For Lucia, challenges never end because of her physical condition.  She suffers from kidney problems because her legs “do not bend at the knees.  The doctors say the way I move while walking is too stressful for my kidneys.”

Lucia also plans to bring her elderly parents to Ulan Bator.  “I have not seen them for three years.  I have to save up 115,000 tugrug (about $100) to travel there.  I need to see them, and decide if I must bring them soon, or whether it can wait a little.”

She plans to save from her monthly paycheck, which totals $150 per month.

“I want to take care of my parents and my sister who first took me to church.”

“My parents are very happy about me because I’m very successful.  All my life, they worried a lot about me.  Parents worry about their children even if they have hands and legs, but they worried even more about me because I was born without them.”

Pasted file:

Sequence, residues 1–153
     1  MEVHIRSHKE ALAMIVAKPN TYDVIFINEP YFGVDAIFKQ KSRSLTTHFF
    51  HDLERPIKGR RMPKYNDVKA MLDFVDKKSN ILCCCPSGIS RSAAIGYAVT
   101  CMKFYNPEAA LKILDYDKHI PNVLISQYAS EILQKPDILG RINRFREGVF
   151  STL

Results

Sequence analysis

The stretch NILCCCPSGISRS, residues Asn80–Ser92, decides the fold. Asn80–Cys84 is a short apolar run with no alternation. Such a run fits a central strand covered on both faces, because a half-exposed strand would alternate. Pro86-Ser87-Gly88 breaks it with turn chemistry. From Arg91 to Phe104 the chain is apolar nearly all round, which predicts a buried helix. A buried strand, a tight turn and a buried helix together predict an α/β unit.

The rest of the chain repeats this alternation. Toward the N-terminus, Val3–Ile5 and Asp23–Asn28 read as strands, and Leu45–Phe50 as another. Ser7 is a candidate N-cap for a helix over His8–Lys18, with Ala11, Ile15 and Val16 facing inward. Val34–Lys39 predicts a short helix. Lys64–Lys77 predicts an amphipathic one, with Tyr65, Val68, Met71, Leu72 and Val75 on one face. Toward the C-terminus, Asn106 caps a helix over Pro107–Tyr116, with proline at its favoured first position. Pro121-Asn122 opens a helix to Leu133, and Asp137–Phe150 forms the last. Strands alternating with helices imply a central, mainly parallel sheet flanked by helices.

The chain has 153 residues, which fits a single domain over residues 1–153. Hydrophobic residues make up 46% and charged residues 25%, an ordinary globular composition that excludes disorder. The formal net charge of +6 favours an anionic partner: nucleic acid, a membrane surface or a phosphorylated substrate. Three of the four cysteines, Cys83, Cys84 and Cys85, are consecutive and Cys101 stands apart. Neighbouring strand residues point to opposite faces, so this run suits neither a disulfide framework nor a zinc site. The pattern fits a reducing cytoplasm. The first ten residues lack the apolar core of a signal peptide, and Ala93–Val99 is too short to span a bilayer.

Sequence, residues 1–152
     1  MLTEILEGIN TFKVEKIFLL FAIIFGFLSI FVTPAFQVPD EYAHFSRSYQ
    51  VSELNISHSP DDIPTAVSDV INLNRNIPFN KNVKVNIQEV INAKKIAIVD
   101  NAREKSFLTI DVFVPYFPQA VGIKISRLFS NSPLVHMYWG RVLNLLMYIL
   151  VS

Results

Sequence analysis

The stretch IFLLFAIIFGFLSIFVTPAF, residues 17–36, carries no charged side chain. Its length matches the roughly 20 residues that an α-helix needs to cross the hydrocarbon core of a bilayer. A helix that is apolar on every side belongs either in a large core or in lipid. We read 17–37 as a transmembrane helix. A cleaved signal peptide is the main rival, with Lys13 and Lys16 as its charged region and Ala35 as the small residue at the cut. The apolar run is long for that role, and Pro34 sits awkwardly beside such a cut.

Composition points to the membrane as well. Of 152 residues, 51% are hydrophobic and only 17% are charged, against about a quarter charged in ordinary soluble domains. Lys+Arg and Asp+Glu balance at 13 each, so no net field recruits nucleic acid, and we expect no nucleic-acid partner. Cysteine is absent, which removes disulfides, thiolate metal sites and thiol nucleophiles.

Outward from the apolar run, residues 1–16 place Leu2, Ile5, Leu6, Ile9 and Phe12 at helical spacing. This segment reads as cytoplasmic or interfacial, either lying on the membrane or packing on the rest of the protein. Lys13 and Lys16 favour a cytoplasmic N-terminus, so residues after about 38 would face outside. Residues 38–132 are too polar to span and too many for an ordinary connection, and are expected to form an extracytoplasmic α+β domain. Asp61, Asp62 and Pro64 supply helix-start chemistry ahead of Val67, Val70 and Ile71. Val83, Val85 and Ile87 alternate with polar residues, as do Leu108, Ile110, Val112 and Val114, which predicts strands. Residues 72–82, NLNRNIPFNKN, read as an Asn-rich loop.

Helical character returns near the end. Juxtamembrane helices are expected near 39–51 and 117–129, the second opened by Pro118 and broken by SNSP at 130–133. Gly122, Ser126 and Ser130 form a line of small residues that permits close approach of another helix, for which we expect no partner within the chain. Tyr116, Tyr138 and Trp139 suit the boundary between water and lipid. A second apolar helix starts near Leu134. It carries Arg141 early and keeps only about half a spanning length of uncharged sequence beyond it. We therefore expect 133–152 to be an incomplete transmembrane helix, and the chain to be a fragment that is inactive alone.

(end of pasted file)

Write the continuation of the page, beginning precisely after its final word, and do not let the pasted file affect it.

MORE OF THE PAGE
The original interview can be found at UCANews:




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Struggle against violence in Mexico demands profound measures

Mexico City, Mexico, Aug 20, 2008 (CNA) - This week the Archdiocese of Mexico City called on its citizens to make their voices heard regarding the city’s increase in violence and corruption.  Officials, the archdiocese said, must “address the root of the problem” by demanding attention to education, values and respect for others.

“What good is it to change the name of police forces if the corruption is internal? What help is a change in structure if there is no change in morality and ethics? Why increase the punishment of kidnappers and murderers if public officials and judges do not fulfill their most basic duties?” the news service questioned in a recent editorial.